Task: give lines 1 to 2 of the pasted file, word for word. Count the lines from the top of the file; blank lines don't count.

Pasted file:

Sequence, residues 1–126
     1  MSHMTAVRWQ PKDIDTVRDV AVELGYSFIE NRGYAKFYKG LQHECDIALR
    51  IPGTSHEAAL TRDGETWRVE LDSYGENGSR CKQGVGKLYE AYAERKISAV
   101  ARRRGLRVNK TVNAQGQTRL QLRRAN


Sequence, residues 1–126
     1  MSHMTAVRWQ PKDIDTVRDV AVELGYSFIE NRGYAKFYKG LQHECDIALR